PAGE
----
Exchange Experience Sparks New Opportunities

Gumberidze sits at a table in a coffee shop in Tbilisi, Georgia.
Esma Gumberidze, a blind student from Tbilisi, Georgia, lived with a host family and attended a mainstream public high school in Ocala, Florida as part of the U.S. Department of State sponsored FLEX program.

In the modern world, career and social life is like a chain. Each opportunity is connected and often times followed by another, so that by missing one chance you might be losing hundreds of opportunities.

When I completed my Future Leaders Exchange (FLEX) year in the United States, I became a member of an active alumni community in Georgia and gained access to a wealth of information about scholarships, exchange programs, competitions, internships, volunteer opportunities and jobs.

If I hadn’t participated in the FLEX program, I wouldn't have known about a public speaking competition in which I participated and won first place or the opportunity to host two American students studying in Georgia on the Critical Language Scholarship (CLS) program.

Nor would I have learned about Girls Leading Our World (GLOW), a camp organized by the Peace Corps, for which I applied to be a counselor. I was selected because I speak English fluently and the organizers knew that if I was capable of living independently in the United States for ten months, I was well qualified for the position.

And I wasn’t the only FLEX alumnus involved in GLOW. A women’s leadership panelist was also a FLEX alumnus and a volunteer for Google. We bonded over our high school experiences in the United States and a mutual interest in blog writing during the camp. That meeting led to an opportunity to learn from her about blog management.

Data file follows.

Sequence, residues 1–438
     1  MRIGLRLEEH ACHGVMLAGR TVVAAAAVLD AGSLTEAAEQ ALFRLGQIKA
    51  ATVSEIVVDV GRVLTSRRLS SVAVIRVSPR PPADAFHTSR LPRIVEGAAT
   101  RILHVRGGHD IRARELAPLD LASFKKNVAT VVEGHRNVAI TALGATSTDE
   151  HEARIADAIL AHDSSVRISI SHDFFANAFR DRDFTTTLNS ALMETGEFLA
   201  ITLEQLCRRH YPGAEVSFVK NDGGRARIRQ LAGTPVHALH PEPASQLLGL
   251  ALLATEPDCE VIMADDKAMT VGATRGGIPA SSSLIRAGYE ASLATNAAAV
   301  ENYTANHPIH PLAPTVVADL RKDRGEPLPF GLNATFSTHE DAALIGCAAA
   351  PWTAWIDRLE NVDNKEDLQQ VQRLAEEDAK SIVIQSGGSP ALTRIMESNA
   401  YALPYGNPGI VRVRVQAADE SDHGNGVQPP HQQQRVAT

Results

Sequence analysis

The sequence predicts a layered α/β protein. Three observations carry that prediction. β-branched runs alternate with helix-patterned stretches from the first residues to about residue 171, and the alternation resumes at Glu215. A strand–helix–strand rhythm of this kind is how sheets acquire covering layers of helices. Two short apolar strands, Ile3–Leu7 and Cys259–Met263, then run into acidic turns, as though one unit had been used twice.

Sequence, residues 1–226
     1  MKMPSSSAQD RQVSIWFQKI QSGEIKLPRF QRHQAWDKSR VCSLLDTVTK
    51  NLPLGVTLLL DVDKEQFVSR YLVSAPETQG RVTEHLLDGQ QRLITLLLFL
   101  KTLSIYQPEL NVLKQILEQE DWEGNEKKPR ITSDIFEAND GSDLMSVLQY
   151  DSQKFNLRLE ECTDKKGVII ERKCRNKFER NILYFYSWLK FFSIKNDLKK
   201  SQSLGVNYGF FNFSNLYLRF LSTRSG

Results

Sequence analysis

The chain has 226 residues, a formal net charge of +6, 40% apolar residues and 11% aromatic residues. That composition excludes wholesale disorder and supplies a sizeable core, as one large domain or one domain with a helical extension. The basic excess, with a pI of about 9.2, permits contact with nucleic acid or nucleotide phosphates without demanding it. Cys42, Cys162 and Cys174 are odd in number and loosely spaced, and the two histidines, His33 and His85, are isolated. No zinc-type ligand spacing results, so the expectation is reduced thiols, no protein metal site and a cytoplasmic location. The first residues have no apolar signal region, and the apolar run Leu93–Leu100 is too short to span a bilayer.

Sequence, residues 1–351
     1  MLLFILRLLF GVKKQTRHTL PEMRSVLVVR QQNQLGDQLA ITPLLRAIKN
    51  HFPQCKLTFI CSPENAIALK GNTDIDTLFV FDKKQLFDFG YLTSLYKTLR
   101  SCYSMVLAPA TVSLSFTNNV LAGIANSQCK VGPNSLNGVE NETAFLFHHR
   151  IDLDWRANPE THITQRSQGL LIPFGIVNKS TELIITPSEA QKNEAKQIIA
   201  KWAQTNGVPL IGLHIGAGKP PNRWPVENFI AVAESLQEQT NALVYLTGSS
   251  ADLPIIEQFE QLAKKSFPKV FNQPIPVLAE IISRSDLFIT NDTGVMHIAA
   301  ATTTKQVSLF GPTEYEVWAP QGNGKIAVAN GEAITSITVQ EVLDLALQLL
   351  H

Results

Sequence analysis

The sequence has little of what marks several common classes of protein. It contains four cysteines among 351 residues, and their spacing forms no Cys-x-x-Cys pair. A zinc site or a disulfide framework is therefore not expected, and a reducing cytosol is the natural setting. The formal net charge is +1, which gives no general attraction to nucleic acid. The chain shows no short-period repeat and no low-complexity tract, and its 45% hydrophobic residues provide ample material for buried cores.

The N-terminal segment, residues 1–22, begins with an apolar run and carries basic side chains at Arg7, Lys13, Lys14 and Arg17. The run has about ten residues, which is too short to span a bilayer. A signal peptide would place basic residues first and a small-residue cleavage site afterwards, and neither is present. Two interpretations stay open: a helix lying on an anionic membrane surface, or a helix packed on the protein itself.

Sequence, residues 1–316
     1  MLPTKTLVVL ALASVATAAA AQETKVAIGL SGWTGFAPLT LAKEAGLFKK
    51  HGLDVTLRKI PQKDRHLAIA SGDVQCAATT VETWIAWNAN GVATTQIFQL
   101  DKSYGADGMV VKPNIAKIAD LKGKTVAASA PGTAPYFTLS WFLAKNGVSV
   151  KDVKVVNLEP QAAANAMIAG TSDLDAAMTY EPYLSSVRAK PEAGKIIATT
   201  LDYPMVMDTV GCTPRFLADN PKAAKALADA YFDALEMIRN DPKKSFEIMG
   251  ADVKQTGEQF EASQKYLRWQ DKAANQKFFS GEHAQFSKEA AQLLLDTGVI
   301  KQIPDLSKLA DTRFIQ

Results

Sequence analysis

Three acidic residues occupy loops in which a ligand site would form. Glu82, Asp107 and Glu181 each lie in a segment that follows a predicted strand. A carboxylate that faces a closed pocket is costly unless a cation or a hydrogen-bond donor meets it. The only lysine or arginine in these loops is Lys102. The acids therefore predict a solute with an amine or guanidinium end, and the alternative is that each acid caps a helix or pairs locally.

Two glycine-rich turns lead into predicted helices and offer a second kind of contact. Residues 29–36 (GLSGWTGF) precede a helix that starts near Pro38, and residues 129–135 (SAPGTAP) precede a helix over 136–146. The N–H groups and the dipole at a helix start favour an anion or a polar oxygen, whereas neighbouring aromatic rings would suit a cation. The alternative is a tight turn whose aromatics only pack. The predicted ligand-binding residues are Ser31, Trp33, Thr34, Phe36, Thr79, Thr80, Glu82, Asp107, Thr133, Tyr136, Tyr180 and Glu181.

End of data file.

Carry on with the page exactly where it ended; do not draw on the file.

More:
My experience as a GLOW counselor led to yet another opportunity. Through the FLEX alumni network I learned that an NGO needed a Georgian-English translator for a week-long camp. I was interviewed and selected for the position by a Peace Corps volunteer who had heard about my involvement with GLOW.

On another occasion, I met one of the founders of the Youth Atlantic Treaty Association (YATA) in Georgia, who is also a FLEX alumnus. I attended a presentation about YATA at the FLEX alumni resource center and became a member of the organization.

With the support of YATA, I am now organizing debate training for students at the Tbilisi school for the blind, a project aimed at helping my former schoolmates become more involved and socially active.

Participating in the FLEX program has been the biggest step towards success in my life so far. If I hadn’t participated in FLEX, I wouldn’t know all of the successful, active, and interesting people I’ve met over the last year, nor would I have learned of countless leadership opportunities.

I also believe that the FLEX program is even more important for students with disabilities. Participation in FLEX is a kind of a stamp, a guarantee, that whether you have a disability or not, you are skillful, independent, flexible, and reliable enough for any volunteer, internship, or employment opportunity.

Author: 

Esma Gumberidze